What are the AAOS recommendations for the treatment of hip osteoarthritis (OA)?

Updated: Oct 12, 2020
  • Author: Carlos J Lozada, MD; Chief Editor: Herbert S Diamond, MD  more...
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A 2017 guideline on management of hip osteoarthritis from the American Academy of Orthopaedic Surgeons (AAOS) place an emphasis on presurgical treatments to reduce pain and increase mobility and also highlight patient populations who may have greater risk associated with hip replacement surgery. [157] The guidelines found moderate strength evidence for the following risk issues [158] :

  • Practitioners may use risk assessment tools for predicting complications, assessing surgical risks, and educating patients about receiving total hip arthroplasty.

  • Obese patients may have lower absolute outcome scores, but similar levels of satisfaction and improvement in pain and function after total hip replacement compared with nonobese patients.

  • Increased age is associated with lower functional and quality-of-life outcomes after total hip replacement.

  • Mental health disorders, including depression, anxiety, and psychosis, are associated with decreased function, pain relief, and quality of life after total hip replacement.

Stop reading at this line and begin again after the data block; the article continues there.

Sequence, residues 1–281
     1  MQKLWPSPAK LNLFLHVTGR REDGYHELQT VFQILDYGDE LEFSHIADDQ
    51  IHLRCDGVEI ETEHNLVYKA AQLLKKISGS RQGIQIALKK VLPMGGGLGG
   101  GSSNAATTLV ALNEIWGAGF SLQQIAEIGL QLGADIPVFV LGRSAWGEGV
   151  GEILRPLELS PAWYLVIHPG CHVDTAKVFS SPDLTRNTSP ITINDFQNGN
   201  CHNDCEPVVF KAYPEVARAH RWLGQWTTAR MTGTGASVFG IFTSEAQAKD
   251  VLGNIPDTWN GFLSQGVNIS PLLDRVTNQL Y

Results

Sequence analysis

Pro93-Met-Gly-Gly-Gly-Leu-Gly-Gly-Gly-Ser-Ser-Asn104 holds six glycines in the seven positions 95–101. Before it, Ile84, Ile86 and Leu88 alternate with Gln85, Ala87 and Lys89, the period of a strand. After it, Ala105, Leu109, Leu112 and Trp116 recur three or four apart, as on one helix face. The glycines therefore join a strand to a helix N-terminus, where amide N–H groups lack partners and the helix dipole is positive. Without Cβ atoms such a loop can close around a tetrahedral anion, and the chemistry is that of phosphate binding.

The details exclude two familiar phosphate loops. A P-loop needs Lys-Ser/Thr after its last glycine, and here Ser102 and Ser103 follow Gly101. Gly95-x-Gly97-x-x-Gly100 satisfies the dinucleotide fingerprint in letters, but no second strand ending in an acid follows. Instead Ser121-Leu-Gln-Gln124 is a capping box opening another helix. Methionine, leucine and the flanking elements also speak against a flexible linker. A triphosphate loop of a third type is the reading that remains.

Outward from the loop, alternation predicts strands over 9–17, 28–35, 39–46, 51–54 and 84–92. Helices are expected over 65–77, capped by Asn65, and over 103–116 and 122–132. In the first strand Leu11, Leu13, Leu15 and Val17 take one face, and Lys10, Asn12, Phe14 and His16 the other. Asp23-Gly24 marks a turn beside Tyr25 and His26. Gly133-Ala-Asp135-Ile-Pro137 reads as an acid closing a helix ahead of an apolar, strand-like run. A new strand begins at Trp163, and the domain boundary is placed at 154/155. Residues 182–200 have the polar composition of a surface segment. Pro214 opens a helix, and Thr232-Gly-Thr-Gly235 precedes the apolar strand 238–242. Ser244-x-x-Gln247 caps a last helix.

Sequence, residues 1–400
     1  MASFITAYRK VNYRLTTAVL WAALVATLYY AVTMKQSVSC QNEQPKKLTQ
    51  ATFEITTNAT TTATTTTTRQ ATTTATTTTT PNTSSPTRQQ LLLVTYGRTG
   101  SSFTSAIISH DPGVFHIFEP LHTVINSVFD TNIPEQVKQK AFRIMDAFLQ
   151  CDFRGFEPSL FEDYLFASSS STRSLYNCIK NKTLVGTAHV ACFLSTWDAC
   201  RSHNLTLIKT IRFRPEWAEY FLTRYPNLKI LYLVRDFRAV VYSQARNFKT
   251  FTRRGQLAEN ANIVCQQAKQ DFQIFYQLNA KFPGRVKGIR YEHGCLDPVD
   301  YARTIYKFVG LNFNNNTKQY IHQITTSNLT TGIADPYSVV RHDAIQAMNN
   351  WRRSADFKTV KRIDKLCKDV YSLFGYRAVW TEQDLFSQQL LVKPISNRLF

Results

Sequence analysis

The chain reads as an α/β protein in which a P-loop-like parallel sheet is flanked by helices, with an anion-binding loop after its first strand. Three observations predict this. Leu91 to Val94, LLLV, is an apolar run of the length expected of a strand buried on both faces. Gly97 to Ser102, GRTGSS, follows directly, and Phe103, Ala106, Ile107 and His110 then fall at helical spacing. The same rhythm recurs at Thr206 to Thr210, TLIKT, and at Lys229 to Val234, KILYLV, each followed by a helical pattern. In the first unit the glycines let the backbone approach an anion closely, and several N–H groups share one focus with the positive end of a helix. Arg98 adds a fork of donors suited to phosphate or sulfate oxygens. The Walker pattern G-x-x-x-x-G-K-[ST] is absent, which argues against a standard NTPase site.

The AAOS found strong evidence regarding the following management approaches [158] :

  • Nonnarcotic medications: Nonsteroidal anti-inflammatory drugs (NSAIDs) improve short-term pain, function, or both.
  • Corticosteroid injections provide short-term improvements in function and pain.
  • Hyaluronic acid injections are no better than placebo for improving function, stiffness, and pain.
  • Physical therapy improves function and decreases pain in mild to moderate hip osteoarthritis.

There was moderate strength evidence for the following [158] :

  • Postoperative physical therapy improves early function more than no physical therapy.
  • Glucosamine sulfate is no better than placebo for improving function, reducing stiffness, and decreasing pain.
  • Practitioners may use intravenous or topical tranexamic acid to reduce blood loss associated with total hip replacement surgery.
  • There are no clinically significant differences in patient-oriented outcomes for anterior vs posterior approaches in total hip replacement.

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